2. When a woman seeks counseling from a pastor, he should (unless to do so would put the woman’s physical safety at jeopardy) request to meet with her husband before agreeing to any sort of counseling relationship with the woman. If the husband is unwilling to meet with the counselor, but is willing for the wife to be counseled, she should be referred to another woman or counseled by a couple.

3. In the case of a single woman no longer living with her parents or under their direct authority, the pastor should refer her to another woman for counseling or counsel her with his wife present.

4. In keeping with the Scriptures that advise us to avoid the appearance of evil and to flee temptation, it would seem wise that a man would never desire to put himself into any situation where he would be alone and unsupervised with a woman who is not his wife or a relative. Thus, no man should counsel a woman alone.

5. Men should be cautious that the topic of counseling is one that is suitable for them to be discussing with a woman who is not their wife (even if their wives are present). In fact, men—and women too for that matter—should be careful that they are not taking on any role that God did not intend for them.

6. Churches should be willing to recognize that there is really not any situation where it would be advisable or necessary for men to counsel a woman without other women being involved in the counseling situation.

7. The counselors need to be careful that they are not in any way usurping the role of the husband.

8. The church needs to train its older women to minister to the younger women, so that this "need" for male counselors would be greatly diminished.

Sorry that my response was so lengthy! This is an issue that has troubled me quite a bit over the years. I hope that my thoughts on the subject will be helpful to someone or, at the very least, an encouragement to you.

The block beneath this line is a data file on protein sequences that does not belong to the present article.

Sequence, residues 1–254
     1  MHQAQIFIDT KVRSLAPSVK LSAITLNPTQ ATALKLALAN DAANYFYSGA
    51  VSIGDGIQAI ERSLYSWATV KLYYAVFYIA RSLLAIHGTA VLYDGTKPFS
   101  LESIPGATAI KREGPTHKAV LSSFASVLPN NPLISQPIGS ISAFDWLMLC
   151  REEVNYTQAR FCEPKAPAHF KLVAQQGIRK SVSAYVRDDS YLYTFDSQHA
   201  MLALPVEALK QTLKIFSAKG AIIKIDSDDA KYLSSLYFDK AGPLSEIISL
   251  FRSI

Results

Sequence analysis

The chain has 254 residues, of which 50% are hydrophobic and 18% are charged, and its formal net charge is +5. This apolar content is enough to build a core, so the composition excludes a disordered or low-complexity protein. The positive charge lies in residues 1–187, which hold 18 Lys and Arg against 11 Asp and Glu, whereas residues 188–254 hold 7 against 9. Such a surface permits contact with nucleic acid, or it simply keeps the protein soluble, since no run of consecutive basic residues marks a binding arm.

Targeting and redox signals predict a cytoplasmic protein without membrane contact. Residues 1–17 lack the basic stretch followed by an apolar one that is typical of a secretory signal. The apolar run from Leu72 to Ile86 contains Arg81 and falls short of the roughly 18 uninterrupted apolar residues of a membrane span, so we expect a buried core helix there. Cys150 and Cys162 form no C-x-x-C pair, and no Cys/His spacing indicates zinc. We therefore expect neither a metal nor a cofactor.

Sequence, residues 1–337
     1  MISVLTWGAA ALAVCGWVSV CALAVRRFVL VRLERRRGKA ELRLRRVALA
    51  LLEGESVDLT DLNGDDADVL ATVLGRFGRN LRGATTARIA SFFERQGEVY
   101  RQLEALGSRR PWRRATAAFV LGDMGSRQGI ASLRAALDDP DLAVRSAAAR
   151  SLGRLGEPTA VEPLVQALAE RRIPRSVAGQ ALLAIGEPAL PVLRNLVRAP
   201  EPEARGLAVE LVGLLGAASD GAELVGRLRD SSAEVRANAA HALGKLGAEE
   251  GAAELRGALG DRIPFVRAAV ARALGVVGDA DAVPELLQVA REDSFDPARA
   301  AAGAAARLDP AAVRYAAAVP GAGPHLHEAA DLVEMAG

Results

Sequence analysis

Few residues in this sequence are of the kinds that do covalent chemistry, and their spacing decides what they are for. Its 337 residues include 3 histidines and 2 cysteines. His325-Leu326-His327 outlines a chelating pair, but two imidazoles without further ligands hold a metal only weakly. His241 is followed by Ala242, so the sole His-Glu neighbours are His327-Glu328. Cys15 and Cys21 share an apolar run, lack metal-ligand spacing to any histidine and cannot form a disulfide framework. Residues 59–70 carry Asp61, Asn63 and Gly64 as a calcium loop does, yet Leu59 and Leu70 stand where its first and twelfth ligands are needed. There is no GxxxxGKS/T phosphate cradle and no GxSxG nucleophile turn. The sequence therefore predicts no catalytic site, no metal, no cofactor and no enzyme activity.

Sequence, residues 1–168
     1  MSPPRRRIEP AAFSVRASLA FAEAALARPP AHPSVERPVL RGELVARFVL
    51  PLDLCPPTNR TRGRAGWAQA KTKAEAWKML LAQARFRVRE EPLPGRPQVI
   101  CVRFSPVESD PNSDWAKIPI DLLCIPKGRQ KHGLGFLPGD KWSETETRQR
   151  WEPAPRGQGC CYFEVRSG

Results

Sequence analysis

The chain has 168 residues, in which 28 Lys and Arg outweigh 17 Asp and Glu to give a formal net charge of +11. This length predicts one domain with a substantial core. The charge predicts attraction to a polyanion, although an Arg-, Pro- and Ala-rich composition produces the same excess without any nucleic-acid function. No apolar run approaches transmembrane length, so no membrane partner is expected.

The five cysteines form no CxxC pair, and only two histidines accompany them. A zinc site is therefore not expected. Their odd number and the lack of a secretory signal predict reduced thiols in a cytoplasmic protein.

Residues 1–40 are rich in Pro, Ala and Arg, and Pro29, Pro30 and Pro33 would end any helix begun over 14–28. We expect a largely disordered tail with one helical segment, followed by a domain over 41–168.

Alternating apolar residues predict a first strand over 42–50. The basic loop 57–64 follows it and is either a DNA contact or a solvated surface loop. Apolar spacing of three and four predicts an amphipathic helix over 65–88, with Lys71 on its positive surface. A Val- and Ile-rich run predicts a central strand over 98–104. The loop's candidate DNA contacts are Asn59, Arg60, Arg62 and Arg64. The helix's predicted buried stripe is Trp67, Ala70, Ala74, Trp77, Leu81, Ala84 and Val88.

Response from New York:

Our modern church set-ups allow for pastors and elders (who are as the Bible commands, men) to counsel with single women, divorced women, and women having marital struggles. As these women sit and speak with a man about troubles, they can begin to feel attraction to this man who is a shoulder to cry on, who "understands" etc. . . . This can go a long way toward destroying her marriage and/or destroying his. Here is a woman who appreciates him, who listens to him and trusts his counsel (let’s remember that many pastors do not have the strongest marriages). Men should not counsel women alone for the sake of sexual purity, and because the Pastor/Elder is also usurping a man’s authority over his wife! I know this may be well received as your stand on Biblical Counseling.

Response from Washington:

PsychoHeresy Awareness: The question is the wrong question. it should be, "Should she go to a male counselor?" Scripture answers this quite succinctly. "...if they want to learn something, let them ask their own husbands at home; for it is shameful for women to speak in church." 1 Cor 14:35 How often have I become nauseated in "prayer meetings" during "share time" as women TELL ALL about their husbands in the Church. It begins to approximate Paul’s words, "... but also gossips and busybodies, saying things which they ought not." 1 Tim 5:13

If wives were following Peter’s admonition, "...that even if some [husbands] do not obey the word, they, without a word, may be won by the conduct of their wives, when they observe your chaste conduct accompanied by fear" then they wouldn’t have the "problems" they feel they need to get counseling about; since their "problems" are usually complaints about how their husbands are treating them ... as they are unwilling to be in submission to their husbands.

If a [male] pastor or elder does speak with a woman, ideally it should be either in the presence of another woman, with the door open where there is no chance for hanky panky, or in a public place where there can be no opportunity for trouble to get started. Paul exhorts Timothy, "Exhort ... older women as mothers, the younger as sisters, with all purity." 1 Tim 5:2

Response from Texas:

My wife (now ex) and I were directed to a "Christian shrink" to help us with the problems we were experiencing in our marriage. Interestingly, there was no offer from any of the elders of the church to counsel us! We started to go an a weekly basis to see our Christian Shrink, who never quoted from nor used the Bible in her counseling of us at all. After some time, my wife and I decided on a one-year official separation, during which time we would focus on working on our problems separately, at the end of which we’d reunite, hopefully, to a better relationship. My wife flew to [another state], while I stayed in [original location], and she began attending [a church], where she also began receiving counseling from a male counselor there. I guess [the male counselor] felt she needed some special attention and offered to marry my wife! Well, to make a long story short, she divorced me and married [her male counselor]. I’m very opposed to males counseling females!!!